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So, it’s election week… Are you excited? Do you know who you’re going to vote for yet? Do you think this election will make a difference?

My answers are as follows – 1) The election is thrilling, perhaps the most thrilling in my lifetime. 2) I’m not physically able to vote physically this time around. Had I been, I would vote for UKIP or LibertyGB (the latter if they are standing, the former if not). 3) Absolutely.

Nobody, not even the most seasoned political commentator, dares to predict who will be running the country this time next week. Despite the avalanche of newsprint, debate, advertising and scandal, the vote remains stubbornly too close to call.

As far as I can see, the UK faces one of 4 possible destinies. Let’s briefly look at each one:

1. Labour Victory.

This would be a disaster; a further half-decade of socialist rule would corrode social and race relations to (or beyond) breaking point. Immigration would remain at the current level, and possibly even get worse. Fear of Islam will apparently be legislated against, eroding our right to resist it. The tentacles of the government will squeeze through more legal gaps, blocking out light and lurching deeper into our intimate affairs. Taxes will rise. Green superstition will rule the laboratories. The army will grow ever more ornamental.

2. Conservative Victory.

Better than a Labour victory, but still a postponement of real solutions to the issues facing this country. More austerity, more economic growth, further cuts to the military and police. A jumble of good and bad.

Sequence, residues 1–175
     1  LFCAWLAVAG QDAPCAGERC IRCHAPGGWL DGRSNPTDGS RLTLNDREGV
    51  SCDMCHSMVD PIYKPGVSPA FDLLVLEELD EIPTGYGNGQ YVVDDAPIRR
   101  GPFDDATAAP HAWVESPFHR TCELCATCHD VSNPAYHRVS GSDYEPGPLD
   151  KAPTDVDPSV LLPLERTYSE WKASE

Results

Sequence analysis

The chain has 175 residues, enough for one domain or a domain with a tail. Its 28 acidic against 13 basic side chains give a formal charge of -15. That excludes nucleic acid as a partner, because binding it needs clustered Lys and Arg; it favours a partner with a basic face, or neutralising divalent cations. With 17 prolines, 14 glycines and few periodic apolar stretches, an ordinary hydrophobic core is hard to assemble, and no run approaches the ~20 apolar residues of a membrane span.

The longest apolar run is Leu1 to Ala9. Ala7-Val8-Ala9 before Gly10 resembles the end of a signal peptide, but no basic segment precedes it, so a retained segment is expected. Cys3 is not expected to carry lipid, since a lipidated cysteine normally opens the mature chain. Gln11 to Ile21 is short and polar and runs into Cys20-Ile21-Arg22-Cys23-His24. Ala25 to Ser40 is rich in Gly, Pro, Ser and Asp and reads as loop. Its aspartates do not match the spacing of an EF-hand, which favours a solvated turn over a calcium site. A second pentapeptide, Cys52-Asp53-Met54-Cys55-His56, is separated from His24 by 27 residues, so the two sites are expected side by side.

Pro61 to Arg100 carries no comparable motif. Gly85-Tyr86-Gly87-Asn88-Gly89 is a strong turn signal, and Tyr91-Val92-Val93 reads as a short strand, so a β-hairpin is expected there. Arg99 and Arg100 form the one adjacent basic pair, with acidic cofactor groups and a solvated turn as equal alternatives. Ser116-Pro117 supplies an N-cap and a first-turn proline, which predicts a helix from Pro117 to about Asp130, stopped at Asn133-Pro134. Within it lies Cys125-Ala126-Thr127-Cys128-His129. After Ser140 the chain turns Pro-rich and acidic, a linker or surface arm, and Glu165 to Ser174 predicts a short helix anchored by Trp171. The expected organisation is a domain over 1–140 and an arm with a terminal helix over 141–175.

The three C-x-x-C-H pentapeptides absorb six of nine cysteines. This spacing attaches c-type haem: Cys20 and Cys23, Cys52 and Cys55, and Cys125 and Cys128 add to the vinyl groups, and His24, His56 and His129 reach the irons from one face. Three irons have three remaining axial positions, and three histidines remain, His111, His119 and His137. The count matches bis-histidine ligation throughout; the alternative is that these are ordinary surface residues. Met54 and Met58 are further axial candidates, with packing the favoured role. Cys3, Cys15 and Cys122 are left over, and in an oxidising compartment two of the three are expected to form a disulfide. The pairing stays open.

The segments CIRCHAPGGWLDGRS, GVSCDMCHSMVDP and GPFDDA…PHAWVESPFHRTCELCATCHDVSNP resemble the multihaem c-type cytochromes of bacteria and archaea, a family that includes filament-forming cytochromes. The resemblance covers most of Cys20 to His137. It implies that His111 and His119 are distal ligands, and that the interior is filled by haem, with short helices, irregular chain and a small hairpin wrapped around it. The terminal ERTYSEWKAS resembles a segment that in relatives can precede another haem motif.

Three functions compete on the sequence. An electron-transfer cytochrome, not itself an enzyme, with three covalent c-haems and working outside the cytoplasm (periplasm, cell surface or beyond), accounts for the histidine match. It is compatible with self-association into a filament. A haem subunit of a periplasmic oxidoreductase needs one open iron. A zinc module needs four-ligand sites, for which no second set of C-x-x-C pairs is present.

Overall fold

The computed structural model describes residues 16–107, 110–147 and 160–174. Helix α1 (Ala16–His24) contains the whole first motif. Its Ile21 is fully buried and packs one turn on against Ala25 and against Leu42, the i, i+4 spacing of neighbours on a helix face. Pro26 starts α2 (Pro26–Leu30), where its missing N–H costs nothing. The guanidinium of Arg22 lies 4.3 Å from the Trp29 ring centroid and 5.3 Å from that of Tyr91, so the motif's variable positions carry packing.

3. Ukip Victory.

Potentially revolutionary, yet also highly unlikely, a UKIP government would transform UK society in many positive ways. Immigration would finally be addressed with the seriousness it requires. The army would be brought back from the dead. Hate preachers would be shown to the nearest airport (though – crucially – their congregation would remain).

4. Coalition.

This seems by far the most likely situation, and also the most chaotic. A UKIP-Tory coalition would never last beyond a few months. An SNP-Labour coalition would never be accepted by the English public. A Libdem-Tory coalition might work but only with awkwardness. A Lib-Labour coalition would be stable but hugely unpopular.

5. Conclusion.

I think this election will be the last ‘mainstream’ contest for quite some time. By that I mean it will be the last in which the traditional parties dominate the polls. In that sense, it is just a rehearsal for 2020.

I strongly believe conservative radicalism will continue to grow whatever the result is on Thursday. This may clear away the obstacles for a truly restorative party to achieve a parliamentary majority in the third decade of this millennium.